Shame differs from guilt as it focuses on the short-term consequences for the individual and is an indicator of negative estimation of one’s behaviour. It is associated with feelings of inferiority, a sense of worthlessness and a damaged self-image (Tangney & Dearing, 2002).

Figure 5. An example of how the emotion of shame can be expressed.

In order to understand the relationship betweeen guilt and cognitive dissonance, certain areas of research have been focused on as they provide clear incidences of the interaction. These include Religion, sexuality and body shaming. Yousaf and Gobet used a cognitive dissonance paradigm to determine the emotional and attitudinal consequences of religious hypocrisy (Yousaf & Gobet, 2013). Cognitive dissonance was induced in participants by making them feel hypocritical for engaging in behaviours that had not recently engaged in to their own satisfaction (Yousaf & Gobet, 2013). They found that participants in dissonance conditions felt more guilt and shame than those in the control condition and that incorporating a religious self-affirmation task in which they were asked to express 6 more values as opposed to behaviours eliminated the feelings of guilt in shame (Yousaf & Gobet, 2013).

A study examining the effects of cognitive dissonance on religion, sexuality and internalise homonegativity gives insight into the role of shame in maintaining dissonance. In this study cognitive dissonance was as a result of inconsistency between their faith and their sexual preference, resulting in internalised shame (Meladze & Brown, 2015). They predicted that followers of Abrahamic religions will experience higher cognitive dissonance compared with those who associate themselves with more philosophical religions or no religion at all (Meladze & Brown, 2015). The results of this study supported the theory of cognitive dissonance as they showed that religious faith and homosexuality exist in conflict with each other and that this resulted in high levels of internalised shame (Meladze & Brown, 2015).

Shame is a complex emotion in that there are many variations of shame. As humans, we can be ashamed about any number of things that we see as a threat to our self-image, including how we see our body. An interesting study looked at using cognitive dissonance as a body image intervention, titled, ‘The Body Project’. The aim of this project is to induce cognitive dissonance among women by engaging them in counter attitudinal behavioural exercises that challenge the dominant ideal of female beauty in order to reduce the prevalence of body shaming (Stice, Marti, Spoor, Presnell & Shaw, 2008). Participants in the dissonance inducing condition showed greater decreases in thin ideal internalisation, body dissatisfaction and psychosocial impairment than expressive writing controls (Stice et al,. 2008)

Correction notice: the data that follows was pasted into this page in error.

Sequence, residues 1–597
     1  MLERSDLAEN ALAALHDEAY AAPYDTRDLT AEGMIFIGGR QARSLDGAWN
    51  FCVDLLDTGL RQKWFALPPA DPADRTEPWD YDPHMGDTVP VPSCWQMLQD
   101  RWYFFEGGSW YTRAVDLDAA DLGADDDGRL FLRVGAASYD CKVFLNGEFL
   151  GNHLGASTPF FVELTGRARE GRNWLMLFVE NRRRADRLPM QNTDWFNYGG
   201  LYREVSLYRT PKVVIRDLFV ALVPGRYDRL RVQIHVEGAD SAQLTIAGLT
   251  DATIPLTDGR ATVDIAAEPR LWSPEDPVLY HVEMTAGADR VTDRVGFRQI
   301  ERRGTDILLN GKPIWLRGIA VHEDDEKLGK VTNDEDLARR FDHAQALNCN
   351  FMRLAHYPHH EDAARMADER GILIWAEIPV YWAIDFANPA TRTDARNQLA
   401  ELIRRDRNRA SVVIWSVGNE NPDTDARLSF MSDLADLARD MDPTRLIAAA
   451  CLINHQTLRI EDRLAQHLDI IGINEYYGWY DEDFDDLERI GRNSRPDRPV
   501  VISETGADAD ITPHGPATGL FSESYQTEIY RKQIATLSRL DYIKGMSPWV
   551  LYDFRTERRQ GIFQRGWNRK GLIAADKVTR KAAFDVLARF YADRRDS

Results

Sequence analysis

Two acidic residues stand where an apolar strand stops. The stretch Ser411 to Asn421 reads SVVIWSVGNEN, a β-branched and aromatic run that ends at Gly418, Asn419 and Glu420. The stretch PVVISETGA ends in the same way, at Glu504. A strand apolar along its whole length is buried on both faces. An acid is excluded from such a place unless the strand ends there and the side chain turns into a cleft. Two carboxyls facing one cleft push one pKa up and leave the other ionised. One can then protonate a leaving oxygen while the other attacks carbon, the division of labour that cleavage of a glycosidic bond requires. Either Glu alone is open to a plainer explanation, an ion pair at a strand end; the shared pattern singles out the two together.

Picture Ben; Ben has had body confidence issues and cannot remember a time when he went to the beach and felt comfortable going for a swim without a shirt on. Ben decides to challenge his belief that he is overweight and that his physique consistent with social norms. Although he feels uneasy with the choice he has made to take off his shirt and go for a swim as it contradicts his belief that he is overweight, he has made a positive change to decrease body shame and increase body positivity. Go Ben!

Regret[edit | edit source]

Figure 6. An example of a person experiencing post purchase regret.

Regret has been defined as a negative emotion which occurs when the person believes that they could have acted differently or made a different choice which arises after poor decision making and self-regulation (Zeelenberg, van Dijk, Manstead & vanr de Pligt, 2000). It is clear to see how cognitive dissonance induces regret as neither can occur without a choice being made.

A real-life example of the interaction between dissonance and regret is a study by Keng and Liao (2009) who studied the consequences of post purchase dissonance using regret theory. The post purchase regret model identified the level of pleasure achieved after purchase including post purchase satisfaction and repurchase intention. The results of their study found that post purchase dissonance negatively influences post purchase satisfaction and repurchase intention (Keng & Liao, 2009). A similar study looking at the influence of cognitive dissonance on retail product returns found that regret causes people to try and undo the decision once it is made through returning the product or avoiding a particular choice if they believe post purchase dissonance will ensue (Powers & Jack, 2013). They found that cognitive dissonance individually does not influence post product returns; however, it does occur when emotional dissonance is present (Powers & Jack, 2013). These results indicate that product returns appear to be an attempt to reduce their cognitive dissonance and therefore emotional dissonance (Powers & Jack, 2013).